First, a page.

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Boonesborough Days celebrates craftsmanship

September 10, 2011|By ALICIA NOTARIANNI | alnotarianni@aol.com
By Yvette May/Staff Photographer

BOONSBORO, Md. — Boonesborough Days has the bucolic flavor of an old-time country fair.

Tents sprawling endlessly across a grassy park. Couples strolling a stone bridge hand in hand over a gentle stream. Toddlers licking ice-cream cones and children's laughter wafting through the air.

But most important to the organizers of Boonesborough Days is the "old-time" essence of the festival's wares.

The Boonsboro Historical Society has been hosting the event for 40 years. The first Boonesborough Days, in 1971, was a small craft fair with an emphasis on historic crafts. Today, that emphasis remains key, festival coordinator Wanda Heuer said.

"Our goal is to preserve the heritage of southern Washington County, of the colonial days and early America," Heuer said. "We have crafts and demonstrations of crafts that people did back then. It makes this more like an old country festival."

Among the roughly 150 vendors blanketing the eight acres of Shafer Memorial Park Saturday were potters, soap makers and beeswax candle makers. A manual baler demonstration and other early farm equipment greeted visitors at the entrance.

Kevin Schmuck of Felton, Pa., peddled handmade brooms. Displayed atop his mechanical broom winder was a ribbon-tied bunch of sorghum, the pretty species of grass he uses to produce his goods.

"It holds up good," Schmuck said. "If you store these (brooms) turned upside down, they'll last you seven, eight years easy."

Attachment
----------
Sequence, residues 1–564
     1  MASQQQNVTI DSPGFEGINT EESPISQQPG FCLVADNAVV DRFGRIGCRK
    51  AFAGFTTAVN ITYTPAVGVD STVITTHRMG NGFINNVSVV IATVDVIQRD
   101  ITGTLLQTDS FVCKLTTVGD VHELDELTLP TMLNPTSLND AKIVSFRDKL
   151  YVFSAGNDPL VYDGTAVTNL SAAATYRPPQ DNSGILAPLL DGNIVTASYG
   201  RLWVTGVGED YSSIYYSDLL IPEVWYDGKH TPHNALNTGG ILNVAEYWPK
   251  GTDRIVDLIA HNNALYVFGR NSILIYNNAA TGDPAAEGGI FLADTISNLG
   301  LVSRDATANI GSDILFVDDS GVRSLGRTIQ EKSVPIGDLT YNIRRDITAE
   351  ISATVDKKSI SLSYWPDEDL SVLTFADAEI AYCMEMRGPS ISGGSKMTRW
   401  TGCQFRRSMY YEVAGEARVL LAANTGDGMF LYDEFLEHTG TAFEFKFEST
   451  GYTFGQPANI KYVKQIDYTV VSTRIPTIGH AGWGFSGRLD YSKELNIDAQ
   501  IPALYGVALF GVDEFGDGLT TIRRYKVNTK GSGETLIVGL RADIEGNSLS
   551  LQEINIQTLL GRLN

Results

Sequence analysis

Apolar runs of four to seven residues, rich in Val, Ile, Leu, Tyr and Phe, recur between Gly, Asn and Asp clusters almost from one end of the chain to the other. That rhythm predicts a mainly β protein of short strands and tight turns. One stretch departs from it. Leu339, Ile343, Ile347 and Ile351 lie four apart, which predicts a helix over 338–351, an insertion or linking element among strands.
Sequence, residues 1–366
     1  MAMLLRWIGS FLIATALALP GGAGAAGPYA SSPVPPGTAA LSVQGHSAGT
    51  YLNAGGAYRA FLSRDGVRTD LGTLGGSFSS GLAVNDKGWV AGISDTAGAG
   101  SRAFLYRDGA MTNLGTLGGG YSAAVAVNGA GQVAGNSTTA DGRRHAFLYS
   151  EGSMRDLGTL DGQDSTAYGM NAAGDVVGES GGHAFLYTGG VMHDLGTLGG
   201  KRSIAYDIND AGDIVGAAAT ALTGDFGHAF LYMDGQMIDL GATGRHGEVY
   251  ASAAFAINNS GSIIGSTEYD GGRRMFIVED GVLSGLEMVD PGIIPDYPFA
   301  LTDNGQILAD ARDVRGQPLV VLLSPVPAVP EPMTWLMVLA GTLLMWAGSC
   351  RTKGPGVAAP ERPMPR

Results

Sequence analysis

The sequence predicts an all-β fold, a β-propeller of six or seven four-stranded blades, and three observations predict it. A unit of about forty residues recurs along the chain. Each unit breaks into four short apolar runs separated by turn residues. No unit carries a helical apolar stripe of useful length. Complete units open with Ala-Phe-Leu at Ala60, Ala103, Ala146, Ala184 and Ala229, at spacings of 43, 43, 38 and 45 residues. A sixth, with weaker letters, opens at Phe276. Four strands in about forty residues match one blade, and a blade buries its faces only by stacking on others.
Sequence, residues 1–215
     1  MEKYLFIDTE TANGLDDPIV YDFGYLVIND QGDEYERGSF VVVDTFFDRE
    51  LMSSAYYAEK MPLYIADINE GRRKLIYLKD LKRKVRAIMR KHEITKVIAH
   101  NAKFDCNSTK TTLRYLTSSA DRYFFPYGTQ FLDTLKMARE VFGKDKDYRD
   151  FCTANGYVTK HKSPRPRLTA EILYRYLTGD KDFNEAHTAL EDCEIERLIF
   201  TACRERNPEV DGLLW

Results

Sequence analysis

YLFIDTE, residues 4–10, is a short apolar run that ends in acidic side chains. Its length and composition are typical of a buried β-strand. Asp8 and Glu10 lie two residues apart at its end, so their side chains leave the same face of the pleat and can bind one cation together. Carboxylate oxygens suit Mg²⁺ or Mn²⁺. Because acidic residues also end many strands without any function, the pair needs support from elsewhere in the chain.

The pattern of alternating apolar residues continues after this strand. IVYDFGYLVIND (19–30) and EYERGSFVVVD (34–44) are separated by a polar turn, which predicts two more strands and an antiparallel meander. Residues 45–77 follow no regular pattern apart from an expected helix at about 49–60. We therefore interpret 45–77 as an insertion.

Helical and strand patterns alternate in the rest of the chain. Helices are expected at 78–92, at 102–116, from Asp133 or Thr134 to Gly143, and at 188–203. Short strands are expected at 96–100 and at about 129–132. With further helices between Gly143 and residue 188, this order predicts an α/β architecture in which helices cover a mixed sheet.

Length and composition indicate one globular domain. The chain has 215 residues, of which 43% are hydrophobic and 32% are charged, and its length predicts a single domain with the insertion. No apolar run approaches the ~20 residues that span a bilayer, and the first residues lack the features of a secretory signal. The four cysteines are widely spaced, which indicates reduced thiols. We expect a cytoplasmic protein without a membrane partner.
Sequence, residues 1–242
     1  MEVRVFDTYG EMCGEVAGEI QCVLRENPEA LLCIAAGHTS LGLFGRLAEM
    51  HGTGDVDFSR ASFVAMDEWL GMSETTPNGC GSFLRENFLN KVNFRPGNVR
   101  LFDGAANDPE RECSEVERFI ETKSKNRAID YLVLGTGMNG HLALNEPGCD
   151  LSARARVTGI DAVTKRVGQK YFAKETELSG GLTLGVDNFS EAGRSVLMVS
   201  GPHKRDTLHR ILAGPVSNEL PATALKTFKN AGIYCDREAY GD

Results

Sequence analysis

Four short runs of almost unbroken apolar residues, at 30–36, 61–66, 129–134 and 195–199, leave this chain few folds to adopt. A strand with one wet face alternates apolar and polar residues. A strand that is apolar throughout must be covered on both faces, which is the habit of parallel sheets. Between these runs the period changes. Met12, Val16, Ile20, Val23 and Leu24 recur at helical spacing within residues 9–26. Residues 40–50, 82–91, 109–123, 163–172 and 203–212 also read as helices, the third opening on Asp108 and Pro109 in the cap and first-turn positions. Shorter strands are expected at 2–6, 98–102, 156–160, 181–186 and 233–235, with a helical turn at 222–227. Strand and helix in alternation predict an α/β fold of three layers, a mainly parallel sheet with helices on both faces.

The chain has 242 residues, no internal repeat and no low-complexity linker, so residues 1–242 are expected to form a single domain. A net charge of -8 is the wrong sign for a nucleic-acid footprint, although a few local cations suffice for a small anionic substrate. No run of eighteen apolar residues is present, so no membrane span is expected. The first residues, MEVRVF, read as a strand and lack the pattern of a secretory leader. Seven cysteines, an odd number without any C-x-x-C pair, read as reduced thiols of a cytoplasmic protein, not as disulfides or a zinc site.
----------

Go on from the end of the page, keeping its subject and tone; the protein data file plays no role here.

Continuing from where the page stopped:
Schmuck said he learned to make the brooms as a boy, and he tries to "keep the art going."

"All these old arts are kind of slipping away," he said.

Niki Kendrick, 21, of Hagerstown, said she visits Blue Mountain Metalsmiths at the festival annually for handmade jewelry. This year, she perused the works of the Chambersburg, Pa.-area artisan accompanied by her fiance, aunt and cousin.

"I come here every year just for these rings. I like that they are handmade, all original," she said. "They are really good and an excellent price. And they don't turn your skin green."

Kendrick said she typically buys at least four of the rings. This year, she had picked out two sterling silver pieces — one with a pearl and another with a marine opal — and she continued to shop for more.

Beth Firey, 34, of Clear Spring, said she visits Boonesborough Days to get her house spruced up for fall and to get a start on holiday gift giving.

"You find so many different and unique items," Firey said.

This year, she bought a carved, lighted gourd painted with sunflowers. Then, she headed toward a large twig wreath tied with a decorative U.S. flag.

"I think that's mine. It's too good to pass up," she said. "I'm tickled."

Firey's friend, Lisa Staley of Clear Spring, shared her excitement over a necklace carved out of walnuts.

"It's really neat what people think of doing," Staley said.

Lee and Joanna Daugherty, 40 and 41, of Boonsboro, walked to the festival with their son Jacob, 4. The family saw live owls and took in a blacksmith demonstration before heading off to introduce Jacob to apple dumplings.

Lee Daugherty said he grew up in Boonsboro and remembers attending the festival as a boy.

"It seems the same as when I was a kid," he said. "It brings back memories."

Heuer said she expected more than 8,000 people to attend the event Saturday and today.

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If you go ...

What: Boonesborough Days

When: Today, 9 a.m. to 5 p.m.

Where: Shafer Memorial Park, Boonsboro

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